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The Tower of Babel

Like virtually everything in the Bible, the brief story of the Tower of Babel is routinely taken literally, which—not to put too fine a point on it—is ridiculous. Yet although one of my favorite activities is to try to discern the hidden meanings in ancient texts, I have not paid close attention to much of the Bible. This is for several reasons. First and foremost, the Bible has been explained to death from all directions, and I strongly believe we need to give it a rest. Our society has been mesmerized and stupefied, as much as inspired, by it. Then too, its symbolic language is very odd, intentionally obscure in fact, and without the key it is often a hopeless case. Lastly, the stories it contains, especially in the earliest parts, are fragmentary. It’s like holding up a few shreds of a decomposed tapestry, and trying to determine how it once appeared. I’m am by no means the type of expert who can unearth a fossilized dinosaur toe and provide a plausible rendering of how the whole creature must have looked. But after the subject of the Babel Tower came up in our Isa Upanishad class, I read it over again, and a few things did occur to me.

         Perhaps you haven’t perused it recently yourself. The sketch appears smack in the middle of two lengthy (very Biblical) lists of who-begat-whoms. The “whole earth” where it took place was a small area in the Middle East. Babel, according to the previous chapter, was part of the kingdom of Nimrod, the mighty hunter, which might be a subtle tipoff that the tower is a symbol for swaggering egotism. Here’s the fragment that has come down to us, from Genesis 11:

 

 [1] And the whole earth was of one language, and of one speech.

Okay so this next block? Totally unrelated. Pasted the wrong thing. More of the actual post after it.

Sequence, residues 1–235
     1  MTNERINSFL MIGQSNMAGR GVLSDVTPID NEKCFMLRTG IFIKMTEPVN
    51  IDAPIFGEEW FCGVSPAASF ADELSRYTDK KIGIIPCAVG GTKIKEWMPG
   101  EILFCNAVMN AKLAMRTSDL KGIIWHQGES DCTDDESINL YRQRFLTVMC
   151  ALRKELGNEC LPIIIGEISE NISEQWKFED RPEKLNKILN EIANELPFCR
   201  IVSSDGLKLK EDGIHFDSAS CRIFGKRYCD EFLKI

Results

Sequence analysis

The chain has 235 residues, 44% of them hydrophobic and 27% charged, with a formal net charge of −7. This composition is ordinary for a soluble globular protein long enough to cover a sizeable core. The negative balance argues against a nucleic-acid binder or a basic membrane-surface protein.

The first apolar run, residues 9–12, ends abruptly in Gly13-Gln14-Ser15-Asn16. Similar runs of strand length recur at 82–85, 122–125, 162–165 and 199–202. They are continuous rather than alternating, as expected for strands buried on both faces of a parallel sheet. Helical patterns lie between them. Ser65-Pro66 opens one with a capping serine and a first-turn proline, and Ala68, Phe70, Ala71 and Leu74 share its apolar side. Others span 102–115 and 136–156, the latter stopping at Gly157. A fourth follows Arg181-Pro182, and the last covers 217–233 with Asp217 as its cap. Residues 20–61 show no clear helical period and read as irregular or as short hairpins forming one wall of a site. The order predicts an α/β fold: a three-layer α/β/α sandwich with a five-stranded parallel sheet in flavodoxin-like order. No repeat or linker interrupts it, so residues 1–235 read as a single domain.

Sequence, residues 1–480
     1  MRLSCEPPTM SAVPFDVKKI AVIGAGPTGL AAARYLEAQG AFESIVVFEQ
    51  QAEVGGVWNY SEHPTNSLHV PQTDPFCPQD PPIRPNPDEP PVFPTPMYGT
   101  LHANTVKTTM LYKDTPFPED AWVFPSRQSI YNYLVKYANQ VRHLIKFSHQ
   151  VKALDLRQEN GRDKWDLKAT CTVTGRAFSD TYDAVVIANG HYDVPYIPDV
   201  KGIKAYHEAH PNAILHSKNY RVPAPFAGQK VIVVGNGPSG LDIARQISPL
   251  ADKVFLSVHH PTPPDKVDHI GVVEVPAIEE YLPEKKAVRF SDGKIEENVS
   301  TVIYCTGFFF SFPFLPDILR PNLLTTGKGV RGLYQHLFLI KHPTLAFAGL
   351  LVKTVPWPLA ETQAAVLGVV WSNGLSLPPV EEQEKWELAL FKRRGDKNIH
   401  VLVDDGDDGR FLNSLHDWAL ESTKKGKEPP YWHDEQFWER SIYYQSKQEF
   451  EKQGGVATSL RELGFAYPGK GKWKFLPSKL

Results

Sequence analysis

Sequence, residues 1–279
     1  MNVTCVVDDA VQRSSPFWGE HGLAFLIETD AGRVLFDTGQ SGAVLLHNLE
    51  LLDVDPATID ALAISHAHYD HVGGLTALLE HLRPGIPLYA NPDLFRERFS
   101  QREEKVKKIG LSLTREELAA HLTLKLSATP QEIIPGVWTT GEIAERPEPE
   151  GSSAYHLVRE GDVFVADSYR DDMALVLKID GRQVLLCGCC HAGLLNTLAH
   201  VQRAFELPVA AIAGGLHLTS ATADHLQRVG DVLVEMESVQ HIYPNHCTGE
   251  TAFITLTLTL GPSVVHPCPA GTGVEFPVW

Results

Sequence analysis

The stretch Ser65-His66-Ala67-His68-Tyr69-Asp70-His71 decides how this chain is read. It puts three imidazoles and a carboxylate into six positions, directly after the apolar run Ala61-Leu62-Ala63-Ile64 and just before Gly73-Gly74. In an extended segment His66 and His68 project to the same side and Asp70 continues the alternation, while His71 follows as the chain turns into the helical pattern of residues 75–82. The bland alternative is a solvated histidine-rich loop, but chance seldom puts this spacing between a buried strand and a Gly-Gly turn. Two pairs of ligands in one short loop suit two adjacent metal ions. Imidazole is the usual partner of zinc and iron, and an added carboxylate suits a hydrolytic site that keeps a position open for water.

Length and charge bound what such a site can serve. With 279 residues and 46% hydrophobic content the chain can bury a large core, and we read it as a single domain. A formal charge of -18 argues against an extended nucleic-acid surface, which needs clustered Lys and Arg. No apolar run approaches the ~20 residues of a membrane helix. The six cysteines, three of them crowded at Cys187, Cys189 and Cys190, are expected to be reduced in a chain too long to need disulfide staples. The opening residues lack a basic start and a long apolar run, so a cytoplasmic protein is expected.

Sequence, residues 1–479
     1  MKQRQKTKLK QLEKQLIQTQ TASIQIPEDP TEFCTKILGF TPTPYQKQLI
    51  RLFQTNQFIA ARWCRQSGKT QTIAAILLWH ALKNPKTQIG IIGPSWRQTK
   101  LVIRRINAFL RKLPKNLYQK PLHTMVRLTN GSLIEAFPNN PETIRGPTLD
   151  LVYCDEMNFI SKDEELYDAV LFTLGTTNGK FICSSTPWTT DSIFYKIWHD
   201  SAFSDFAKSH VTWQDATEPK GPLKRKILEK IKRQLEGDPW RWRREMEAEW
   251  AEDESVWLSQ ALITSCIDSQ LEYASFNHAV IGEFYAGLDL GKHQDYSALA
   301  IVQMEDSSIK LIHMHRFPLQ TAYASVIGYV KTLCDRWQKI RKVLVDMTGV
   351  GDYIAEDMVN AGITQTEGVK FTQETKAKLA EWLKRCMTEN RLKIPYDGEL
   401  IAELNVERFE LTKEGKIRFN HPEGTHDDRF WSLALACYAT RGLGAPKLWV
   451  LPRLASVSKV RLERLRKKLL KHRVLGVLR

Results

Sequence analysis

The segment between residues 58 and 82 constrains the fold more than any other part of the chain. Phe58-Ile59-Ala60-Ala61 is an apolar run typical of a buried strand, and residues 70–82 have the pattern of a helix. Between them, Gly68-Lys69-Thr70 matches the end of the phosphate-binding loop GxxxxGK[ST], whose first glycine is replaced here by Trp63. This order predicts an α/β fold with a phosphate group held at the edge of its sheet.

[
2] And it came to pass, as they journeyed from the east, that they found a plain in the land of Shinar; and they dwelt there.
[
3] And they said one to another, Go to, let us make brick, and burn them throughly. And they had brick for stone, and slime had they for morter.
[
4] And they said, Go to, let us build us a city and a tower, whose top may reach unto heaven; and let us make us a name, lest we be scattered abroad upon the face of the whole earth.
[
5] And the LORD came down to see the city and the tower, which the children of men builded.
[
6] And the LORD said, Behold, the people is one, and they have all one language; and this they begin to do: and now nothing will be restrained from them, which they have imagined to do.
[
7] Go to, let us go down, and there confound their language, that they may not understand one another's speech.
[
8] So the LORD scattered them abroad from thence upon the face of all the earth: and they left off to build the city.
[
9] Therefore is the name of it called Babel; because the LORD did there confound the language of all the earth: and from thence did the LORD scatter them abroad upon the face of all the earth.

 

         According to literalism, the story explains why there are different languages on Earth, although the human race was thought to have begun with just Adam and Eve, who were on the same page linguistically if not—like men and women everywhere—conceptually. But we can follow our intuition and take this explanation as trivial and unnecessary. Any god that is affronted by a tower a couple of hundred feet high obviously has too much free time on his hands.